Science policy fellows tackle Gulf of Mexico

Shelby Servais and Ben Wilson both earned degrees at FIU. Both did research in the Florida Everglades. And they are both among the latest Science Policy Fellows of the National Academies of Sciences, Engineering, and Medicine.

As fellows in the National Academies’ Gulf Research Program, Servais and Wilson will delve into research, evaluation, planning, outreach and policy to make scientific information useful for the well-being of the Gulf of Mexico.

Ben Wilson and Shelby Servais are among the latest crop of National Academies of Sciences, Engineering, and Medicine Science Policy Fellows.

Servais is going to the U.S. Fish and Wildlife Service in Fairhope, Ala. Originally from Annapolis, Md., she earned a Ph.D. in biology from FIU. She examined the impact of sea level rise on soil microbes in the Everglades. Plants and soil store carbon that would otherwise end up as harmful carbon dioxide in the atmosphere. Soil is also home to microscopic bacteria and fungi. Despite their small size, the microbes play a big role in carbon storage. Servais found salty water can suppress their ability to process carbon. In her role with the Deepwater Horizon Natural Resource Damage Assessment and Restoration Office, she will help implement and assess ecosystem restoration.

“What I study in the Everglades is rather disconnected to how people benefit directly from it. That absence of a direct connection motivates me,” Servais said. “At a time when coastal environments are increasingly threatened, we need more scientists interacting with the public so people and the environment both can thrive.”

Wilson is going to the U.S. Fish and Wildlife Service in Lafayette, La. A Birmingham, Ala. native, he earned a Ph.D. in biology from FIU. He studied peat soil collapse in the Everglades. Peat soil is the most efficient carbon sink on the planet. As water gets saltier, plants get stressed and die. The carbon stored in the soil and plants is then in danger of being released into the atmosphere. Wilson found that with less carbon in the soil, it breaks apart and collapses putting the entire ecosystem in jeopardy of disappearing. In his new role with the Gulf Restoration Office, Wilson will help with the planning and implementation of gulf restoration projects.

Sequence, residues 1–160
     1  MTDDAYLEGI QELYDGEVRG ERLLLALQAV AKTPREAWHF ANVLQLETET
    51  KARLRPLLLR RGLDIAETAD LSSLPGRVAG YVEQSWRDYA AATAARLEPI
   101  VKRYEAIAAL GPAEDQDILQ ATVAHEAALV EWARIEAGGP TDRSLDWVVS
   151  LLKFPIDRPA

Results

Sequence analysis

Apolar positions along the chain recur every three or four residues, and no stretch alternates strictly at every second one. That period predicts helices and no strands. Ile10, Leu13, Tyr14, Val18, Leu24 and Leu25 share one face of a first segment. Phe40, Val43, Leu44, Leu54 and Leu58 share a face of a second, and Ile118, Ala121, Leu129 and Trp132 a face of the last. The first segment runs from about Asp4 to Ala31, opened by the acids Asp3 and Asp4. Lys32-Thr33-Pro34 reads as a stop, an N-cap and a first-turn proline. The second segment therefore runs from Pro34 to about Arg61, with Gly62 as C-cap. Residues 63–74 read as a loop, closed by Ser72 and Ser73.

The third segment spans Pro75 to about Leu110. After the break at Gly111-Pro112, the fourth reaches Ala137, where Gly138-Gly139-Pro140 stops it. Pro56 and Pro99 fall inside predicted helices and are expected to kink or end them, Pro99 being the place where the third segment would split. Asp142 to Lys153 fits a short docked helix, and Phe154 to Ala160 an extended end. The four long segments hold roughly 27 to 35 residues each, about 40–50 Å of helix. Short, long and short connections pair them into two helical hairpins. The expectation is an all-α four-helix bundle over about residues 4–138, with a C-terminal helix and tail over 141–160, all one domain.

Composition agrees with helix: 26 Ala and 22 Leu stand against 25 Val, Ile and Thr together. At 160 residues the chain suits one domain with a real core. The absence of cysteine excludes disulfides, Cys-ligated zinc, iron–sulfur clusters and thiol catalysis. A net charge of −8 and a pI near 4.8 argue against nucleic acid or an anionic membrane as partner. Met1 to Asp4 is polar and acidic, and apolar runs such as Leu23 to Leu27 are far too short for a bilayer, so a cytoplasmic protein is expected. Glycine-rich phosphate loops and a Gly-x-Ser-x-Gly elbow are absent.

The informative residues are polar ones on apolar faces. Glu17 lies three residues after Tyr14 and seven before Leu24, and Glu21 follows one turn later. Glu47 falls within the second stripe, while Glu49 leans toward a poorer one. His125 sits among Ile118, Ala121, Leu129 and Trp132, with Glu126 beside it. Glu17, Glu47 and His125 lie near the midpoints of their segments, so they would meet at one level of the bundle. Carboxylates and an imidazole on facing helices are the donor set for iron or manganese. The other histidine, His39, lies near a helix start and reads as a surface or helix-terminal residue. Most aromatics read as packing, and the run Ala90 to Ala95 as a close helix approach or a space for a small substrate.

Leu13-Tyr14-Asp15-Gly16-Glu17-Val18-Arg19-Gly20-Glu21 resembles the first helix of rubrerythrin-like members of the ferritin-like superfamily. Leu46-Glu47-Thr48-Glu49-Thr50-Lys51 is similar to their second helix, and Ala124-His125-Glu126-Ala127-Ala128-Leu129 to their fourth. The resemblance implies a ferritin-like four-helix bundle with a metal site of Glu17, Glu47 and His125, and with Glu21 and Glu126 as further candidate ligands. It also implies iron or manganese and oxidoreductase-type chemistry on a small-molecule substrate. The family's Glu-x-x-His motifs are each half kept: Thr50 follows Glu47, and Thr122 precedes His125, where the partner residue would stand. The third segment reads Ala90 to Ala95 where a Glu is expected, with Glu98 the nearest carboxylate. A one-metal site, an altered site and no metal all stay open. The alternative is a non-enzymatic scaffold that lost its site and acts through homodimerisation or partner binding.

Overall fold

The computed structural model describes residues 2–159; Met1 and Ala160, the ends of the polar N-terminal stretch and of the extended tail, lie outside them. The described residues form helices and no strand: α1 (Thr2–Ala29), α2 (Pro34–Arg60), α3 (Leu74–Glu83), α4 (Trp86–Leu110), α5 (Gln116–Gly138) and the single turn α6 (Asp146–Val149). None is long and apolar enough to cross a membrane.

“We’re losing a lot of natural resources to a lot of different things. As I see them disappearing, I feel like I’m losing a part of myself,” Wilson said. “I want to take research and use it to improve the health of coastal ecosystems. If I can do something to keep them around, then I’ll feel like I have accomplished something.”

The Gulf Research Program of the National Academies of Sciences, Engineering, and Medicine is a science-based program focused on advancing health, environment, and oil system safety in the Gulf of Mexico and other coastal regions. It funds grants, fellowships and other activities in research and development, education and training, and monitoring and synthesis. Science policy fellows of the program spend one year on the staff of federal, state, local, or non-governmental environmental, natural resource, oil and gas, and public health agencies in the Gulf of Mexico.